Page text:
"Thank you!" Clancy held his and his wife's hand in the air in victory. "Thank you, all!" The crowd of supporters erupted as the election results continued to update on the screen.
The Senior Senator of his state approached the podium and adjusted the microphone, his wife beaming as she stood behind him.
"This has been a challenging but well-fought election," he told the group. "I look forward to continuing to serve you as I have in the past." Clancy turned his attention to the cameras of the assembled news media. "And let me assure those who did not vote for me that I also look forward to listening to their concerns and will serve them as well."
William Harman leaned his shoulder against the door frame and crossed his arms. He agreed. It had been a hard-fought election. While he enjoyed working with the campaign he was happy to be able to resume his routine.
He waved at Clancy's campaign manager as she approached. Stacey Fitch was focused on the tablet in her hand. "Congratulations, Stacey."
"Thank you, Bill." She looked up from the tablet briefly then resumed her examination of some statistics on the screen. "We couldn't have done it with it without you. You had a unique skill at negotiating some of the more difficult demographics in this region."
"I appreciate that." He tried to peek at the tablet screen but Fitch had it angled so he couldn't see.
"I guess you're about to get caught up on those sophomore papers clogging up your email." She said.
Harman nodded. "Hopefully I won't have very many emojis in them this time."
"Sometimes they're the best way to get a point across." She volunteered.
He nodded again. "But they're not appropriate for academic discussion."
Fitch looked up from the screen. "Speaking of academic discussion, I was looking at your most recently published paper..."
Harman was surprised she had taken the time to read A Universally-Composable, Indifferentiable Oblivious Macroeconomic Transfer Protocol. "I didn’t know anyone had read that."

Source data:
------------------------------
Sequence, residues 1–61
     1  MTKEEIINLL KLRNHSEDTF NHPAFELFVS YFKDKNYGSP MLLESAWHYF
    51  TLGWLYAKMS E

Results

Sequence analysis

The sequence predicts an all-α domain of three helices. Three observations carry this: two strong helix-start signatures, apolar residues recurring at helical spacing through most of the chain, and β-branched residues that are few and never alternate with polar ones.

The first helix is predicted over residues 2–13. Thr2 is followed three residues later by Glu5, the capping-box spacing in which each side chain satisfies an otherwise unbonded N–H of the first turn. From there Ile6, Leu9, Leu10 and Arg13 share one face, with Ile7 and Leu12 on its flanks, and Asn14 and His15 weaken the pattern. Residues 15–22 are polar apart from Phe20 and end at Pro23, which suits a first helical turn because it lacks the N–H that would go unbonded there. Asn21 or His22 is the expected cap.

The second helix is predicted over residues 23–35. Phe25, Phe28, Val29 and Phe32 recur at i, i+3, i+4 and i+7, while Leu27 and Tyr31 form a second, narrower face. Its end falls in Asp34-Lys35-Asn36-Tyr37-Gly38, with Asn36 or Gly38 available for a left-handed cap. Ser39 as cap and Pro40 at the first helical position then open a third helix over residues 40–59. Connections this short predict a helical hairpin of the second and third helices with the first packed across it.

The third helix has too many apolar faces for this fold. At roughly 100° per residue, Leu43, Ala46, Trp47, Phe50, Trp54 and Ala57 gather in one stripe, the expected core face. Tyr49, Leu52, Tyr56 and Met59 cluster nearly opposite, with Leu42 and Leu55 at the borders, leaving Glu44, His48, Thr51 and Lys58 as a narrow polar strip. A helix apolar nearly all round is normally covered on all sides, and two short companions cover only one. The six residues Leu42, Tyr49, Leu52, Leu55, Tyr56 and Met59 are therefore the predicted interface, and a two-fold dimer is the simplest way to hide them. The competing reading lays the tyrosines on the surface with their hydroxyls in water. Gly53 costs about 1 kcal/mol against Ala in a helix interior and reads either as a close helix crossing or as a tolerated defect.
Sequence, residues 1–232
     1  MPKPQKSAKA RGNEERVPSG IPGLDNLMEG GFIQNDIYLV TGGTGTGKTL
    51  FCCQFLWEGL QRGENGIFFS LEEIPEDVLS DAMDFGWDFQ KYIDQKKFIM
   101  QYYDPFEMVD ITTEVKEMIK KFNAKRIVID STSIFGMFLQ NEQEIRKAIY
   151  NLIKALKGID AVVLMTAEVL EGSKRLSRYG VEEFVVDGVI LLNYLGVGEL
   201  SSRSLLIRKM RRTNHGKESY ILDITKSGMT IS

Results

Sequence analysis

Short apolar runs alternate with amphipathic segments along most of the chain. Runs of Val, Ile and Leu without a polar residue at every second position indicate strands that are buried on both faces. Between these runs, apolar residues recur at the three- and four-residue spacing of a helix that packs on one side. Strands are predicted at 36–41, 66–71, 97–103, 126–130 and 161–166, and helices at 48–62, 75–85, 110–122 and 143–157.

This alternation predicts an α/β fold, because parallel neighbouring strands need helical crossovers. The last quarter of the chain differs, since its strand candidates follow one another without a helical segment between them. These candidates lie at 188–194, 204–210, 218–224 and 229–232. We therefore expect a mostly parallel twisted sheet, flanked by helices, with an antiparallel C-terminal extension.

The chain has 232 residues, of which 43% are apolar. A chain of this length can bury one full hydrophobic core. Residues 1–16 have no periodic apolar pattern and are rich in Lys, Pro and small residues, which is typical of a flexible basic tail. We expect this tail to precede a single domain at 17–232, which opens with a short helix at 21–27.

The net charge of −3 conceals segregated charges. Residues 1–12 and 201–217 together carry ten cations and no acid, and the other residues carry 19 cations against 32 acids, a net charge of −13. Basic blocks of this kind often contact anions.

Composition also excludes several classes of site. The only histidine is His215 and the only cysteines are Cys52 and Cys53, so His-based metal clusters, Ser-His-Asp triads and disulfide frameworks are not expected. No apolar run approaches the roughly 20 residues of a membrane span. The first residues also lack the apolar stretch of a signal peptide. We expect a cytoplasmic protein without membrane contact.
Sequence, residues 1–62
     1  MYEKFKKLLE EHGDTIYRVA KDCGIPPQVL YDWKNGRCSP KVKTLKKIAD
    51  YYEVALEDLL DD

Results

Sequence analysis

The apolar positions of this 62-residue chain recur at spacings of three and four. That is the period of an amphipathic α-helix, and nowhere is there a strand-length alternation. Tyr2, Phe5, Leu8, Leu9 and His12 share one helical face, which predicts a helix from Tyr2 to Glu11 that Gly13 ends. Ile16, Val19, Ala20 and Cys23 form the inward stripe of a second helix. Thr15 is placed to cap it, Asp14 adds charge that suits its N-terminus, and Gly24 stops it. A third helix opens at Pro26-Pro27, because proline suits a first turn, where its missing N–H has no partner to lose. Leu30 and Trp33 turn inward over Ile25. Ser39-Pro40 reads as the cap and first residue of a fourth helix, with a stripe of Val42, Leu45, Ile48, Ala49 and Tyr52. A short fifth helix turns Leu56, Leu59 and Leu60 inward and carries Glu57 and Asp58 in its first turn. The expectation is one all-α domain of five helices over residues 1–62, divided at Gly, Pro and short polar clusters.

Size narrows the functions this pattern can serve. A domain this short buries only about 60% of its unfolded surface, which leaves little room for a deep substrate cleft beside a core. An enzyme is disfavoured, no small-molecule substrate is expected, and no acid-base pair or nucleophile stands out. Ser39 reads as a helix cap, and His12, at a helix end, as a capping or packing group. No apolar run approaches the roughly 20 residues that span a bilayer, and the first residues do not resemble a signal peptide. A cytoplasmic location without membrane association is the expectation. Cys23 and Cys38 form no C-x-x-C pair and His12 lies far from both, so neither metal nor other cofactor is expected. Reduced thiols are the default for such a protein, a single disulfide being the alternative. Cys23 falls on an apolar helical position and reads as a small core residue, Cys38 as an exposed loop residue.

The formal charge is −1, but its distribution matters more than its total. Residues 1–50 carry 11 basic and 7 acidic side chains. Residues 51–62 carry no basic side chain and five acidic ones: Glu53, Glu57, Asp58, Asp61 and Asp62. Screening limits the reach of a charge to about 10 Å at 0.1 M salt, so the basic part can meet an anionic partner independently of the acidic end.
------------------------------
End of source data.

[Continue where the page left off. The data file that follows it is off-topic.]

"Quite. How are things at the University? I hear there's been some belt tightening."
"Yes." He acknowledged. "Gifts to the University Foundation have been down the last few years and my seat has not been endowed."
"Tough times, tough times." She said seemingly distracted to the tablet again. "Also been looking at your resume."
"You have?" He asked. "I haven't started looking for new work yet. Just put out a few feelers"
"Let's just say a friend forwarded it on to me."
"Can't say?" He pressed, "or won't say?"
"Won't say." Fitch concluded. "But a very close friend."
Harman thumbed through the files in his brain, but couldn't quite figure who might have sent his resume to the campaign manager. "I guess this is a job interview of sorts."
"Of sorts," she said. "Do you know any foreign languages?"
"Does Pig Latin count?"
She tapped on the screen. "Makes things a little more challenging." She looked up again, "What sort of diplomatic skills do you have?"
He smiled mischievously, "I've been married for 17 years."
She frowned disapprovingly.
"Before I came to the University, I was a humanities professor at a community college for 22 years, with ten of those years as department chair. I would think that would display a certain level of political expertise."
Fitch nodded. "What about travel? Where do you go for vacation?"
An odd question, Harman thought, but answered it anyway. "My wife, son, and I take a couple weeks every year to go somewhere in the U.S. Every couple years we try to travel internationally."
"Very good," she said. "What other countries have you been to?"
Harman looked into the distance and counted with his fingers absentmindedly as he ticked off the countries, "Mexico, Britain, Italy, New Zealand."
"A pretty good variety of countries. Have you ever heard of Oslea?"
He rolled the name around in his head, "Can't say that I have. Where is it?"
"I don't know," Fitch admitted. "Let me look it up real quick." She tapped on the screen several times. "That's interesting."
"There's only three notes about it in the CIA Factbook." She said somewhat puzzled. "It's in the South Pacific and their primary language is English."
"The other note?"
"I suppose that's a good thing to know."
"So, when can you start?"
"Huh?" Harman was startled. "What do you mean?"
Fitch explained, "Because of your excellent background and your service to the Senator during the campaign, Mr. Clancy would like to nominate you to be the next U.S. Ambassador to Oslea."
"Oh. Well." He stammered, "That sounds like quite an honor. I'll have to talk to my wife and son about it first."
Fitch only smiled, "Don't worry. She's a close friend"